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If you look at the statistics, it takes the majority of Australians a little over three and a half years on average to save for a deposit on a first home1

If you’re thinking about, or aren’t far away from, putting some money down on that place of your dreams, we look at some of the financial and non-financial considerations you’ll want to be across.

1. Figure out how much money you have to play with

The most common loan terms in Australia are generally 25 and 30 years2, and as a mortgage is likely to be the biggest debt you’ll ever take on, it’s important to prioritise any other financial goals you may have and figure out where a home purchase ranks on that list.

The price of the property you’re looking to buy will also play a big part as it will often determine the deposit you need, so it’s worth figuring out how much you can realistically afford early on.

If your family is willing to help, it’s a good idea to discuss how they plan to do this. And, keep in mind there could be risks, benefits and tax implications if financial help is given.

Meanwhile, if you’re buying property with a partner, it’s important to be upfront about your financial past and plans, and whether you’ll put something in writing should the unexpected happen.

Check out AMP’s cost of home loan calculator if you’d like help crunching the numbers, or alternatively speak to a bank or mortgage broker.

2. Find out if there are black marks on your credit report

A credit report, which details your repayment history, could affect your ability to get approval on a loan if it doesn’t read well.

As each lender will assess your credit file against their own policies, there may be instances where some approve your application, while others reject it or delay the process.

The main credit reporting agencies in Australia are Veda, Dun & Bradstreet, Experian and the Tasmanian Collection Service, and you can request a copy if you’d like to see what yours says.

3. Know what you’re going to fork out

Here’s a snapshot of some of the costs you’re likely to come across early on and on an ongoing basis.

The upfront costs

  • Purchase price – This is the actual cost of the property. And, unless you’re able to pay for it outright, you’ll generally need to take out a loan, noting that lenders will generally ask for a minimum deposit of 10% to 20%.

  • Loan application fee – This is a one-off payment to your lender when your loan commences. Fees may vary depending on your provider and will cover things such as credit checks, property appraisals and basic admin.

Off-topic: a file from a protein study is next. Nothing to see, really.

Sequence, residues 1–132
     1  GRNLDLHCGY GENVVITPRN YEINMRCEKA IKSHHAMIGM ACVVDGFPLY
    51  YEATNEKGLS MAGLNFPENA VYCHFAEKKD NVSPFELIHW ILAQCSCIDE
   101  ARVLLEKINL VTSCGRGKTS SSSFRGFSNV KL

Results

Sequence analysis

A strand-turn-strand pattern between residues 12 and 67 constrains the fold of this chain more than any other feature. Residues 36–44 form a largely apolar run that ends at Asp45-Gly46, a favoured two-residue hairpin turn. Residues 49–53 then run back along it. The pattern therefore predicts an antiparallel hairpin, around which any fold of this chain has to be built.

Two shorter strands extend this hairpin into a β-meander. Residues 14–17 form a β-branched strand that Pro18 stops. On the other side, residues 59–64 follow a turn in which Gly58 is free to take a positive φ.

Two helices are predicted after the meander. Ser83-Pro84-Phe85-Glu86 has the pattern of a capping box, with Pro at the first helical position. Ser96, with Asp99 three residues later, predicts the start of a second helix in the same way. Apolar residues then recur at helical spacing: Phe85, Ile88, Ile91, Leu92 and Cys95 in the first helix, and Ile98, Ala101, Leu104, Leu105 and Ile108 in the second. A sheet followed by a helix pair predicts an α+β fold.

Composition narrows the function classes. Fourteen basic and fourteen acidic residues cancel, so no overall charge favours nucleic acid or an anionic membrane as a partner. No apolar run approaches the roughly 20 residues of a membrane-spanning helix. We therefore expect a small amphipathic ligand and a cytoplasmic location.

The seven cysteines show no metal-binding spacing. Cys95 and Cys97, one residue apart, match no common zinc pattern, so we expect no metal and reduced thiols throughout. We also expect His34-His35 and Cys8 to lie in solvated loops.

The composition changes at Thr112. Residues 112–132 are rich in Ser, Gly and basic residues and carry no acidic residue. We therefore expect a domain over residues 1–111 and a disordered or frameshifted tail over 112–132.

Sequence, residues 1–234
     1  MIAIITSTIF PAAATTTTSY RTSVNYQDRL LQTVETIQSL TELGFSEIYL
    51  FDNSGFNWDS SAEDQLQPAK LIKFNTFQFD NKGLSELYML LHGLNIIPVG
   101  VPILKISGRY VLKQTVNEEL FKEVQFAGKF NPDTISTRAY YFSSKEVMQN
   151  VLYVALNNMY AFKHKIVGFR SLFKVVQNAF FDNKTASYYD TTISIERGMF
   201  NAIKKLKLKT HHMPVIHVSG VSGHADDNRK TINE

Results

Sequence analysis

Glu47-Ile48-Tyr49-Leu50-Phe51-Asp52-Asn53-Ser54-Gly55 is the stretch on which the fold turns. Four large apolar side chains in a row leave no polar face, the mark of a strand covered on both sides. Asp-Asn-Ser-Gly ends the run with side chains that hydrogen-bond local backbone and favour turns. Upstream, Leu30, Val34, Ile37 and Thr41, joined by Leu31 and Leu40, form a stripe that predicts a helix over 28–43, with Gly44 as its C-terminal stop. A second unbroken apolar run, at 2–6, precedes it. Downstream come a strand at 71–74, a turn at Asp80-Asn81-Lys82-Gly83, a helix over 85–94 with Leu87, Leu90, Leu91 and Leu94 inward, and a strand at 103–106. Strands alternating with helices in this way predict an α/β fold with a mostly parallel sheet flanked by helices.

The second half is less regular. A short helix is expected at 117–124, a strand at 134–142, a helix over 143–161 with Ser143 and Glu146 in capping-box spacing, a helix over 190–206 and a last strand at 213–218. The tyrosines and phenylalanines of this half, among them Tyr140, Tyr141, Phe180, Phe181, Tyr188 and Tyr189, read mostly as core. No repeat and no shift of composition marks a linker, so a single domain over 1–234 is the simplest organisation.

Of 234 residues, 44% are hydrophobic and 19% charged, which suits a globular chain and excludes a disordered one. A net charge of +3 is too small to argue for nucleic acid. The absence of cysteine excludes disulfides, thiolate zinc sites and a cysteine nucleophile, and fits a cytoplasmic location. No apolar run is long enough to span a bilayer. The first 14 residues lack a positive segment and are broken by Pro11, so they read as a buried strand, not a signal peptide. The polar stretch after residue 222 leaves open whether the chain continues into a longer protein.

• Lender’s mortgage insurance – If you have a deposit that’s less than 20%, you may be required to pay lender’s mortgage insurance which is there to protect your lender in the instance you’re unable to repay your loan.

  • Government fees – Stamp duty is a land/property transfer tax applied by all Australian state and territory governments, which can vary greatly depending on where your dream home is located. Mortgage registration and transfer fees also apply and differ from state to state.

  • Legal and conveyancing fees – These cover the services of a real estate conveyancer or solicitor, who’ll prepare the necessary documentation and conduct the settlement process.

  • Building, pest and strata inspections – Payment for these services or reports will identify structural concerns, as well as maintenance and financial issues (if you’re in a body corporate).

  • Moving costs – This will come down to how much you do yourself, whether you rent a truck, or hire professionals to move your stuff for you.

The ongoing costs

  • Loan repayments – What you pay back and how often you make repayments will generally have a big impact on the length of time it takes you to pay off your home loan.

  • Interest charges – You can generally choose a fixed or variable rate, or a combination of the two, which is worth some research, particularly as interest rates can go up and down.

  • Other ongoing expenses – This might include strata fees for communal properties, council rates, utility costs, building and contents insurance, and things like home improvements.

4. Ensure the locations you’re looking at stack up

To ensure you buy something you love and for the right price, consider:

  • How much properties are going for in the suburbs you’re interested in

  • How far you’re willing to live from family, friends and work

  • Whether there’s off-street parking and local amenities, such as schools, shops and transport